Interindividual interactions in the house cricket Acheta domesticus L. - Zachowanie się międzyosobnicze świerszcza domowego (Acheta domesticus L.)
Kosmos (Warsaw): 452-3: 487-495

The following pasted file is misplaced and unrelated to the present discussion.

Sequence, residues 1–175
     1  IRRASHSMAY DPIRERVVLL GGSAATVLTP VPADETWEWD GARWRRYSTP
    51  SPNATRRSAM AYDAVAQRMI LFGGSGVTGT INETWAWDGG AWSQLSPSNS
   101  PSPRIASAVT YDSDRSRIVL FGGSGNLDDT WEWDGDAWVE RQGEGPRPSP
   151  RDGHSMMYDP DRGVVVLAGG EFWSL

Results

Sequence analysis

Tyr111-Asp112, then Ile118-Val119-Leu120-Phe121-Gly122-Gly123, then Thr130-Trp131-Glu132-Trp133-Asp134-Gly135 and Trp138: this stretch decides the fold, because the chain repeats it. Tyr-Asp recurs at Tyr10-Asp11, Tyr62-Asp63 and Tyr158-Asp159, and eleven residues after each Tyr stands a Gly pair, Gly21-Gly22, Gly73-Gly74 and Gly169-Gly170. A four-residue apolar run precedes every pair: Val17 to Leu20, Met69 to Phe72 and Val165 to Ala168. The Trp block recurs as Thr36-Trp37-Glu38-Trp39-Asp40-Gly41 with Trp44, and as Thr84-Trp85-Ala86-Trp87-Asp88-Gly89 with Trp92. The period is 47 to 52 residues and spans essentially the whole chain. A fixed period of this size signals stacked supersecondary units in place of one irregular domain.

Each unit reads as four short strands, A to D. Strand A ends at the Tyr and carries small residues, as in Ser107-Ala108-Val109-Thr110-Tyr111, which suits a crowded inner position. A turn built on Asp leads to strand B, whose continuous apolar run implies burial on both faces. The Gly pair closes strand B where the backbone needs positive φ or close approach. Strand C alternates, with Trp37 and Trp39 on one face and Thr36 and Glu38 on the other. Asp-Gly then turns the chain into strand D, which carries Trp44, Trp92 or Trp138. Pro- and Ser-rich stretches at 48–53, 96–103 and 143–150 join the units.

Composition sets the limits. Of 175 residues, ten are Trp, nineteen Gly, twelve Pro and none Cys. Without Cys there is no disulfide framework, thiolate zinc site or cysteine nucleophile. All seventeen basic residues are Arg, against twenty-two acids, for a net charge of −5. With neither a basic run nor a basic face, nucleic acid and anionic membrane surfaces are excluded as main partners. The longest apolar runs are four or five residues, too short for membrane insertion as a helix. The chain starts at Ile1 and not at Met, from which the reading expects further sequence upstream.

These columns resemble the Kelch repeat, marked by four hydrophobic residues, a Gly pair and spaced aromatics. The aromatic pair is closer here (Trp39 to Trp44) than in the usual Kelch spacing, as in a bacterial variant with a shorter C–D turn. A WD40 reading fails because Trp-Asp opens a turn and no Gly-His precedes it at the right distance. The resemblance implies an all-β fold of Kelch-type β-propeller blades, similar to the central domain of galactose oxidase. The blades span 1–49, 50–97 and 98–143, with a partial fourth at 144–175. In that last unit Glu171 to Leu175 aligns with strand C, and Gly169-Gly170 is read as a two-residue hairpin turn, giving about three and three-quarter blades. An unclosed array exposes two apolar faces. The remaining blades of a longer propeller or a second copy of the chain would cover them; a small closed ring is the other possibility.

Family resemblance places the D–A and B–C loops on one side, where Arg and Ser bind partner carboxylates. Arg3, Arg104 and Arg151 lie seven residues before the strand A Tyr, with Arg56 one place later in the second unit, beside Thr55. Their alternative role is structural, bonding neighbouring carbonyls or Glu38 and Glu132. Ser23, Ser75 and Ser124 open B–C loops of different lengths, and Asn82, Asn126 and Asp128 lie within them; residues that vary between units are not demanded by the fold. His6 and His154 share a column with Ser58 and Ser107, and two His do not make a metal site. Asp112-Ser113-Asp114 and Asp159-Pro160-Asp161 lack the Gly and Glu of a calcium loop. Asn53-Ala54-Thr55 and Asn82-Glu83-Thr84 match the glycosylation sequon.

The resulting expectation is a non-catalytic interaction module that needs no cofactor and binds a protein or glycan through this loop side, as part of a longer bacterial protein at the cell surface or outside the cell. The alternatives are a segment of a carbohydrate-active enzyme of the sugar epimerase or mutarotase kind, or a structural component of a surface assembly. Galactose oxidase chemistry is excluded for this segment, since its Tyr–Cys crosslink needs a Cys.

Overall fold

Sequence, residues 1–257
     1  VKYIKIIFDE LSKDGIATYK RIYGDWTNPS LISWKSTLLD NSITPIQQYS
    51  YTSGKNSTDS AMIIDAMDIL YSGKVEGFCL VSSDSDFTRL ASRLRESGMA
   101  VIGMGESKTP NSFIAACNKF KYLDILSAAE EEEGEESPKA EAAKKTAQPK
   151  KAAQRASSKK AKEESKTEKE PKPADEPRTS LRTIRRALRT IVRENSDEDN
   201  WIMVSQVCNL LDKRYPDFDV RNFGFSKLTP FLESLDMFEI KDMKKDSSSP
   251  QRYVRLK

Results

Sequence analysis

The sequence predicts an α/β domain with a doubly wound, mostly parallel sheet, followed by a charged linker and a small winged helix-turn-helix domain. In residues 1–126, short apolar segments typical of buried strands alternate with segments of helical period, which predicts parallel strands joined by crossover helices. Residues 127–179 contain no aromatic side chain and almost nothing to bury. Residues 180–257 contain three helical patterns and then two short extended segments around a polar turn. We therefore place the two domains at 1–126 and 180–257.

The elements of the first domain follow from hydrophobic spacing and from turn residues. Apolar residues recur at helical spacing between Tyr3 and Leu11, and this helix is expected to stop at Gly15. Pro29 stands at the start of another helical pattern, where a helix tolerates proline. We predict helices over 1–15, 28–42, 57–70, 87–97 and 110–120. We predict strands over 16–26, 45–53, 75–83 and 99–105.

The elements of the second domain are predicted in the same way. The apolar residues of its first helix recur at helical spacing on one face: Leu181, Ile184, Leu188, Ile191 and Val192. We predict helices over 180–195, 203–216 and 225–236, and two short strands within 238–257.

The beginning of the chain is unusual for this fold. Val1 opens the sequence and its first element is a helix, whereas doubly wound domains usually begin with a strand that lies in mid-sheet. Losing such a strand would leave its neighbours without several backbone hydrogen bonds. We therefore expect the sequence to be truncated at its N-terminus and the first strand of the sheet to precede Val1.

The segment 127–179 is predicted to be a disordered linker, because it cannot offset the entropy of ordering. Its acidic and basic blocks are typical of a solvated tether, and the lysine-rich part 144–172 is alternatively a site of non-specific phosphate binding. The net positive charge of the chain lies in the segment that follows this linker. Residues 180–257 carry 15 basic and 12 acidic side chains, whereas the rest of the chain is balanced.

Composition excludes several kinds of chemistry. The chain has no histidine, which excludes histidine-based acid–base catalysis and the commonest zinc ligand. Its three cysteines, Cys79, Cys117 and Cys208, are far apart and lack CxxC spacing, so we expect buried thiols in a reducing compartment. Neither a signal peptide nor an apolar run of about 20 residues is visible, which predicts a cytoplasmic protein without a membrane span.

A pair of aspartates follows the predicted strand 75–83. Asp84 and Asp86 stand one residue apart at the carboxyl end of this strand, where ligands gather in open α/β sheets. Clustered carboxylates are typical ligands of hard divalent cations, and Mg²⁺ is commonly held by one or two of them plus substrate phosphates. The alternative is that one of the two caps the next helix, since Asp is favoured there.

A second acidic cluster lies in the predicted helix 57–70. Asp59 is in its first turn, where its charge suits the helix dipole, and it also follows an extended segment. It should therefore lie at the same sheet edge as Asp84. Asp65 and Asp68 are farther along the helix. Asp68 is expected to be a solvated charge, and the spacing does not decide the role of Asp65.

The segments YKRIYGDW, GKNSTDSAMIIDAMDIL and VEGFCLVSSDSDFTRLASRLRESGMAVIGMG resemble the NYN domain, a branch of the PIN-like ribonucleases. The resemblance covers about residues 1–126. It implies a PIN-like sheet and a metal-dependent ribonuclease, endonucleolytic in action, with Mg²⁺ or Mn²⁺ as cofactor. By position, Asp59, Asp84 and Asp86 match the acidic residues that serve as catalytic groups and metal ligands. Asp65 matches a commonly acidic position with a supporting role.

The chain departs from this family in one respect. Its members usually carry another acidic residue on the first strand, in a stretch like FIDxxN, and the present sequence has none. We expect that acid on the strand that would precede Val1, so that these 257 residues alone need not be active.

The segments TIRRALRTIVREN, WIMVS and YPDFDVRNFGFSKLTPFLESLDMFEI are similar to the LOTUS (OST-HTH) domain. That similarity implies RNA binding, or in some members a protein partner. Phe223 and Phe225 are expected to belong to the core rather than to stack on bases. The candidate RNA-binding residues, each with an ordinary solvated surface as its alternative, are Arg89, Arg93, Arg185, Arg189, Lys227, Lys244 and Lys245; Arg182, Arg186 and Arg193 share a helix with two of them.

The present paper provides a review of literature data and of the author's own data on the behaviour of house crickets (Acheta domesticus L.) during encounters with conspecifics. Three main categories of intraspecific behaviour are: sexual behaviour, aggressive behaviour and parasocial behaviour. House crickets use four main modes of sensory perception and signalling: acoustic, olfactory, visual and tactile. The three basic types of song are: (1) calling song, (2) courtship song, and (3) aggressive song. Sexual behaviour of house crickets involves courtship, mating, and guarding of the female by the male. Aggressive behaviour is observed mostly during territorial fights between males. However, food deprived females may fight, too, when competing for food. In laboratory mass cultures, aggressiveness of crickets is usually very low, and territorial behaviour is absent. However, crickets may show territorial behaviour even in the laboratory if they are kept in sufficiently large cages. Males and females of A. domesticus produce sex-specific, species-specific and aggregation pheromones. Aggregations of crickets are non-coordinated and temporary. Growth and development of house crickets may be significantly accelerated as a consequence of intense contacts with conspecifics ("the group effect"). Mechanisms underlying the group effect are yet not fully known. However, it is already known that they are based on responses to stimuli transmitted by the antennae and cerci, and that they involve responses to pheromones.